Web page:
Selby (22-1, 8KO) won his IBF belt last May by skilfully outpointing Russia’s then unbeaten Evgeny Gravodich, before making his first successful defence by overcoming former world champion Fernando Montiel – winning by a unanimous decision.
Although the 28-year old is currently in negotiations with Philadelphia’s Eric Hunter for his mandatory defence – likely to take place in March – Selby has a clear idea of the route he wants to take this year. His primary objective being a unification fight with WBC champion Santa Cruz.
One thing for sure is that Selby’s options are not limited and a domestic clash with Leeds favourite Josh Warrington (22-0, 4 KO) has also been earmarked.
“I want two big fights this year and one of those has to be a unification. In an ideal world I would fight Warrington in the summer in the UK and then fight Santa Cruz in America. If I’m going to fight Warrington, that fight has to happen after my mandatory defence, because I couldn’t go from fighting a unification bout and then drop back down.” Selby exclusively told World Boxing News.
“Out of the other champions, the Santa Cruz fight makes sense and would be perfect for me. I want to fight the best and he is a massive star in the USA with a huge Mexican following – so a win there would be huge for me.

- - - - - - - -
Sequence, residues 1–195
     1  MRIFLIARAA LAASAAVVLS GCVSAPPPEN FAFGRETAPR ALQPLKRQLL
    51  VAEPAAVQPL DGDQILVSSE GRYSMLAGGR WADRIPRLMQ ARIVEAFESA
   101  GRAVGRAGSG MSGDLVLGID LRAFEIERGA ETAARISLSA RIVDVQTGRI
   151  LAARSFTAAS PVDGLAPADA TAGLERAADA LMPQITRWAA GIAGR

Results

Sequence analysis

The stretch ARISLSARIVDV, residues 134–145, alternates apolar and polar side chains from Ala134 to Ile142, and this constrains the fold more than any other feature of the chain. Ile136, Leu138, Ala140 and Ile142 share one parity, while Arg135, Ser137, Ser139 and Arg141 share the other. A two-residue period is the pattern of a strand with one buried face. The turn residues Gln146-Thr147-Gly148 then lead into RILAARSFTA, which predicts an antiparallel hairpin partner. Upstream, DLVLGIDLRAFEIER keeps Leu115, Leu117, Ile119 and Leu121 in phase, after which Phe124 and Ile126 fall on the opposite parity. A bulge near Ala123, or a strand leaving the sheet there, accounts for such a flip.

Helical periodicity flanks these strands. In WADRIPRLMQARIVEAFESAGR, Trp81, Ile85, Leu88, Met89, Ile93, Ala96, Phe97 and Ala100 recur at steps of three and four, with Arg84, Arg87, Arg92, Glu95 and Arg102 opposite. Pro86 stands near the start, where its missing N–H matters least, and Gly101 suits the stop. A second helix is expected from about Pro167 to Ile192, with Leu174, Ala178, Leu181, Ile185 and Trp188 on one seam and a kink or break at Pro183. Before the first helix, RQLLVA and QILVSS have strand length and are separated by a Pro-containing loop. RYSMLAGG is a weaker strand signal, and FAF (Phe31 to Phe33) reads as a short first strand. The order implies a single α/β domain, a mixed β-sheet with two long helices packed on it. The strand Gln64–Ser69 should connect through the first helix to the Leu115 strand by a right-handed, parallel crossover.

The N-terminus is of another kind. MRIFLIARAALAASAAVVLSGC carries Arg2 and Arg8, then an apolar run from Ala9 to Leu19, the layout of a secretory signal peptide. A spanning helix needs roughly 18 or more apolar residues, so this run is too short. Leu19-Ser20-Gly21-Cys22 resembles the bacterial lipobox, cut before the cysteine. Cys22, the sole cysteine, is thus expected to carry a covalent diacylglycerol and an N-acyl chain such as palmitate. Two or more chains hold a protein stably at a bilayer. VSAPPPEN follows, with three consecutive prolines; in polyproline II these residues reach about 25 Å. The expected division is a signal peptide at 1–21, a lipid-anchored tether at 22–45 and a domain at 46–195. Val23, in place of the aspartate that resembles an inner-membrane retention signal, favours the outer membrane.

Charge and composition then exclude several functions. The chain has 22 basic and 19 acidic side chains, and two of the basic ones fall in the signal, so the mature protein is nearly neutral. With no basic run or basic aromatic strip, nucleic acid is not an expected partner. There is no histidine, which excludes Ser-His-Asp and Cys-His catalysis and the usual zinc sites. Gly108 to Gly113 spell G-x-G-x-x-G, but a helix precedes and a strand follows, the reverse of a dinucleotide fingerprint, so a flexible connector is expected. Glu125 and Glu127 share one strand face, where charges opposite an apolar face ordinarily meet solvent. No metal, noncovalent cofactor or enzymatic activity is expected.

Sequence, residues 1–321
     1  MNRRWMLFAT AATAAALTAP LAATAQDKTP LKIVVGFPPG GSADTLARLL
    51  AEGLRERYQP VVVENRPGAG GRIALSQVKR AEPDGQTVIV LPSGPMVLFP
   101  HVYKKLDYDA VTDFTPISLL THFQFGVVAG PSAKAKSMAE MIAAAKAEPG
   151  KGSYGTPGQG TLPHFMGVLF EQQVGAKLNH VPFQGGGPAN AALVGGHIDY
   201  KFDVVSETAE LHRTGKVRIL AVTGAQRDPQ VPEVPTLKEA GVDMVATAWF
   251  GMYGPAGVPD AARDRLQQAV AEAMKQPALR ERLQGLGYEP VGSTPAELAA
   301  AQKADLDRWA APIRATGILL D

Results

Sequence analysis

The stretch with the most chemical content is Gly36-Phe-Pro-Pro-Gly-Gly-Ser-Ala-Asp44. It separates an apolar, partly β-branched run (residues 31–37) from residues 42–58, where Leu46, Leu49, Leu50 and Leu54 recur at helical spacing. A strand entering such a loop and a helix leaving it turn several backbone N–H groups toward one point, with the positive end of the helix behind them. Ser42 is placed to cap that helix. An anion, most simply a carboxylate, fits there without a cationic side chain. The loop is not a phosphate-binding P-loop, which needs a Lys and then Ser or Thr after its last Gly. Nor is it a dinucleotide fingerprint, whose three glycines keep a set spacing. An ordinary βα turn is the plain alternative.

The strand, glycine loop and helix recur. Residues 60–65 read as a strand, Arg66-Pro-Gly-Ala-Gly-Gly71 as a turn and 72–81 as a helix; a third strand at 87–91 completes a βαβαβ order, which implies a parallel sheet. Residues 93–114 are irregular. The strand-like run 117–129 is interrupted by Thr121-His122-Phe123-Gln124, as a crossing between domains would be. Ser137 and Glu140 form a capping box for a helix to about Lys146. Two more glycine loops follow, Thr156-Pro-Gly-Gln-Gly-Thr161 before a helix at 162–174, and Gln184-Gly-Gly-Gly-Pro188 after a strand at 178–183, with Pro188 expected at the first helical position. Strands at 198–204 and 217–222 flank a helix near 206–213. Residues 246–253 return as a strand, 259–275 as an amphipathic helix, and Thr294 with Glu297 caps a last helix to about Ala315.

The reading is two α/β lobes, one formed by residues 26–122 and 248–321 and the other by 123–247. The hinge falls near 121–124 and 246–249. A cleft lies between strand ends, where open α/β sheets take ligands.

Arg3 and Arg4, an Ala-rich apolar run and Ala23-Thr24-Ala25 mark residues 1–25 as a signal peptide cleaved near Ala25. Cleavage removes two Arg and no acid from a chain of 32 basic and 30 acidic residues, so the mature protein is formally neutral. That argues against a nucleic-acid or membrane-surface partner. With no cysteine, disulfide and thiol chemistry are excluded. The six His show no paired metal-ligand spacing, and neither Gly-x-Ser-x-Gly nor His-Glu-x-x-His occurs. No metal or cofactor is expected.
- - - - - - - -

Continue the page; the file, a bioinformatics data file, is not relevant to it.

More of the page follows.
“The fight can be made easily at any time. We are both advised by Al Haymon, so it is just a case of when we both want it and coming to a fair agreement,” he added.
There has also been rumours that Selby may move up in weight for a potential rematch against Liverpool’s Smith – who fights Jose Pedraza for the IBF 130lb strap in March – but the Welshman has quickly moved to deny those rumours. Selby inflicted the first and only loss of Smith’s career back in September of 2011.
“I can see Smith winning the world title in March if I’m honest. Pedraza has been made quite a big favourite, but for me Smith is better and may even knock him out,” Selby said.
“I wouldn’t move up specifically to fight Smith and I don’t plan to leave the featherweight division unless it is absolutely necessary – for instance if I outgrow it. I’m big at the weight and I could carry my size up with me, all the way up to lightweight. I don’t plan on moving up though and want to finish my career as a feather – but if a big opportunity arose, I could easily do it.”
Matt Horan is a lead writer for WBN. Follow on Twitter @mhoran123